If that investor were to take a withdrawal rate of 5.88% from a typical stock/bond portfolio (and continue spending the same dollar amount each year going forward), there’s a meaningful chance that he’d run out of money during his lifetime—especially given the current environment of low interest rates and high stock valuations. That risk disappears with an annuity.

How is that possible? In short, it’s possible because the annuitant gives up the right to keep the money once he dies. If you buy a SPIA and die the next day, the money is gone.* Your heirs don’t get to keep it — the insurance company does. And the insurance company uses (most of) that money to fund the payouts on SPIAs purchased by people who are still living.

In essence, SPIA purchasers who die before reaching their life expectancy end up funding the retirement of SPIA purchasers who live past their life expectancy.

But I Want to Leave Something to My Heirs!

For many people, it’s a deal-breaker to learn that none of the money used to purchase an annuity will go to their heirs.

The relevant counterpoint here is that, depending on how your desired level of spending compares to the size of your portfolio, choosing not to devote any portion of your portfolio to an annuity could backfire. That is, there’s a possibility that, rather than resulting in a larger inheritance for your kids, the decision results in you running out of money while you’re still alive, thereby causing you to become a financial burden on your kids.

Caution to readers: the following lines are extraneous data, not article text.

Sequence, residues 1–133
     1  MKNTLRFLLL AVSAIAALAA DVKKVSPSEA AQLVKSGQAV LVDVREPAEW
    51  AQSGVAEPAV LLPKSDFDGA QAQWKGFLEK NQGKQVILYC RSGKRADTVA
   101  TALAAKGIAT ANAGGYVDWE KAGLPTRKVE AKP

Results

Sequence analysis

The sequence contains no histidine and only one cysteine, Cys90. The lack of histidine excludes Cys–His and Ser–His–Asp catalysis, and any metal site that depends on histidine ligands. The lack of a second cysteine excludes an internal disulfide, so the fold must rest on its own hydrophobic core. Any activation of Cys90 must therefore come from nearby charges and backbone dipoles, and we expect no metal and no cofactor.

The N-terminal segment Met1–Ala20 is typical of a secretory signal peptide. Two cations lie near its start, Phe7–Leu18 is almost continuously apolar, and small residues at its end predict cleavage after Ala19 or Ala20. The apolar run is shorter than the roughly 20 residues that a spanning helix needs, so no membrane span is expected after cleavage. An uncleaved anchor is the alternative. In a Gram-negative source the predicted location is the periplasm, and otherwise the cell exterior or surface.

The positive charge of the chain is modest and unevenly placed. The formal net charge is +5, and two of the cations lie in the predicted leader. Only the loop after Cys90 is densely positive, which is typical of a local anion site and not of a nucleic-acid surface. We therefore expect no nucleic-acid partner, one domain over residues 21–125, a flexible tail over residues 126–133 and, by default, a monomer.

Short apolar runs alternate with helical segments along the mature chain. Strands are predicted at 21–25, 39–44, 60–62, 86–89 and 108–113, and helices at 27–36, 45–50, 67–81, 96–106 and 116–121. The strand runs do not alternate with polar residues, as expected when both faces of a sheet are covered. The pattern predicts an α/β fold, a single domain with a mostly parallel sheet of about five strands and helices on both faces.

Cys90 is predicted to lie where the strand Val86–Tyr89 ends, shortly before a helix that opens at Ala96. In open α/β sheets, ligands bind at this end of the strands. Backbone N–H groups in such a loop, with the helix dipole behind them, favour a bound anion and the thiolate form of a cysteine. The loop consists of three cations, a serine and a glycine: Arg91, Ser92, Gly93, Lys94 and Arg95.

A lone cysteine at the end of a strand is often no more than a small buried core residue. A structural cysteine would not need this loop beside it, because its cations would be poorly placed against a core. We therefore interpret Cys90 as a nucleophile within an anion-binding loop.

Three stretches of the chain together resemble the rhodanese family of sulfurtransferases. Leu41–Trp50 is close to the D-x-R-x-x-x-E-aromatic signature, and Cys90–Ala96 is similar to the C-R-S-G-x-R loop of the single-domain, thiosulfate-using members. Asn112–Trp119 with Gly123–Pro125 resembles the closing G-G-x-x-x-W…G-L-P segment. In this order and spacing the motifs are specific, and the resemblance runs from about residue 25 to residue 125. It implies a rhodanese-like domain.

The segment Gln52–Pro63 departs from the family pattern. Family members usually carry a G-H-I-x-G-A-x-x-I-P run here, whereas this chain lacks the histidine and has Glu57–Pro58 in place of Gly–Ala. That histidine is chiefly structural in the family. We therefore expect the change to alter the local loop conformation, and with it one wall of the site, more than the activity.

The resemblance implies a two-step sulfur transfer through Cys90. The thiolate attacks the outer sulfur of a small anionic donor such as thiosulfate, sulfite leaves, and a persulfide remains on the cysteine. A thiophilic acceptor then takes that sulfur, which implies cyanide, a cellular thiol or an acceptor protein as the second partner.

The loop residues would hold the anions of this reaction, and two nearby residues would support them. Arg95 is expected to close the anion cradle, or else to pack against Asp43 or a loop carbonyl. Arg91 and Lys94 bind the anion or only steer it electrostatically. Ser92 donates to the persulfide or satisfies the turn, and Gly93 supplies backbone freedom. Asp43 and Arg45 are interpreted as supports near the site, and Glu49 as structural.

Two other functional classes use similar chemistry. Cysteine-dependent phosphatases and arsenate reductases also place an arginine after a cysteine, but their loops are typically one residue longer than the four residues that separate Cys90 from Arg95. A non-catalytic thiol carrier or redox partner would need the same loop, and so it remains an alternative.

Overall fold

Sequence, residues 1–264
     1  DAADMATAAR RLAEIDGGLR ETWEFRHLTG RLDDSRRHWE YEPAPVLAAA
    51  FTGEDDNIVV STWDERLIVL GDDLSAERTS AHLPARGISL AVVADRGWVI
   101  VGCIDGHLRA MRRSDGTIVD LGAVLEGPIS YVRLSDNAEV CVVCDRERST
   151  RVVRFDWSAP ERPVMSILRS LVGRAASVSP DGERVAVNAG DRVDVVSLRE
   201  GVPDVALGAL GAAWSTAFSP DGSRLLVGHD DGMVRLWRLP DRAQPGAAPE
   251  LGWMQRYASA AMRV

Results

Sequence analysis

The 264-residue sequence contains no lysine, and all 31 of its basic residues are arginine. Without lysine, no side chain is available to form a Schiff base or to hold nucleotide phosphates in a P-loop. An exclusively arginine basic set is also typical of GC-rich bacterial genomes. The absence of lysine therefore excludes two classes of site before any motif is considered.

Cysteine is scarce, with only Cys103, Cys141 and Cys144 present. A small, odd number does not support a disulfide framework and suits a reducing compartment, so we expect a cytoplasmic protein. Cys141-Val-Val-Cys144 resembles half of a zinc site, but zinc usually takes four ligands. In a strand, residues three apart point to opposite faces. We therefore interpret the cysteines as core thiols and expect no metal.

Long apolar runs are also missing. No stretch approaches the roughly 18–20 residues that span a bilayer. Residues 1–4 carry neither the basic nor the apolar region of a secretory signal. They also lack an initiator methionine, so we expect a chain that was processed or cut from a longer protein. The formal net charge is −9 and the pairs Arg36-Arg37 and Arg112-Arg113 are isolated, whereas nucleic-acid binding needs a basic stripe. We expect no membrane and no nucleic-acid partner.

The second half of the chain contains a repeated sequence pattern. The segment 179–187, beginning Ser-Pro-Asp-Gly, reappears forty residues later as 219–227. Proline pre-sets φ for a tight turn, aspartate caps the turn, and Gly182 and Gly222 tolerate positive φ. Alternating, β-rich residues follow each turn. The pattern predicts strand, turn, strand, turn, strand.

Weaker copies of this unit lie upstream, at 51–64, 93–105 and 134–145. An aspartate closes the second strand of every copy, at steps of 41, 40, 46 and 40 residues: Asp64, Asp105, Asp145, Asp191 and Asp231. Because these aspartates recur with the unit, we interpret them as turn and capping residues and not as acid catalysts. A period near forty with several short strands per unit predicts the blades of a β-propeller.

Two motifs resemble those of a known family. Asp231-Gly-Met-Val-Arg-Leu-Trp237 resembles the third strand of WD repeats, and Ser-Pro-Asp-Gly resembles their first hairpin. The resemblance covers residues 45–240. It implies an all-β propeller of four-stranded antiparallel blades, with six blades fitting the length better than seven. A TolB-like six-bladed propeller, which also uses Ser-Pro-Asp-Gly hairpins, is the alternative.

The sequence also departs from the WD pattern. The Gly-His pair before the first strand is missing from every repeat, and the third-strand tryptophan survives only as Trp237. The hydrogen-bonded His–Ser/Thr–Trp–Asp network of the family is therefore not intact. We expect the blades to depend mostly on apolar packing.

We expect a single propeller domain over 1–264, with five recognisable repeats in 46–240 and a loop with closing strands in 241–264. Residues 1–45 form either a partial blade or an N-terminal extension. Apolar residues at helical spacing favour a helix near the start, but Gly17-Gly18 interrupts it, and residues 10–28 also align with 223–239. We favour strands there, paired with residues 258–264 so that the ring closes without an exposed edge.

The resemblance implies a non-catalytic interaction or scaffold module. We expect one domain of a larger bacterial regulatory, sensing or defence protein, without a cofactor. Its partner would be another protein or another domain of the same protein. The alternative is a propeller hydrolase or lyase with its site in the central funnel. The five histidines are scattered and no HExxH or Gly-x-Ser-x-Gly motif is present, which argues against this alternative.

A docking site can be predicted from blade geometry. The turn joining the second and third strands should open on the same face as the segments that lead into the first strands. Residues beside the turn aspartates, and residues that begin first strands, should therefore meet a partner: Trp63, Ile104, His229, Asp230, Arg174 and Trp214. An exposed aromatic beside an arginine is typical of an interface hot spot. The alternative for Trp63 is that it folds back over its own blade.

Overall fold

Inflation Risk

Another important downside of single premium immediate annuities is that they are exposed to inflation risk. That is, the amount of income that the annuity pays each year is fixed, thereby leaving you with a purchasing power that will be eroded over time via inflation.

It is possible to purchase an annuity with a cost-of-living adjustment (COLA) each year. But that naturally requires paying a higher initial premium. Also, the COLA is a fixed percentage (e.g., the income increases by 2% annually), so you are still exposed to the risk of high inflation eating away at your purchasing power.

Not too long ago, it was possible to purchase a SPIA that had a COLA that was linked to the consumer price index (i.e., the actual rate of inflation), thereby eliminating inflation risk. But in 2019, the last insurance company offering such products decided to stop selling them. Will they be available again in the future? It’s possible, but I wouldn’t count on it.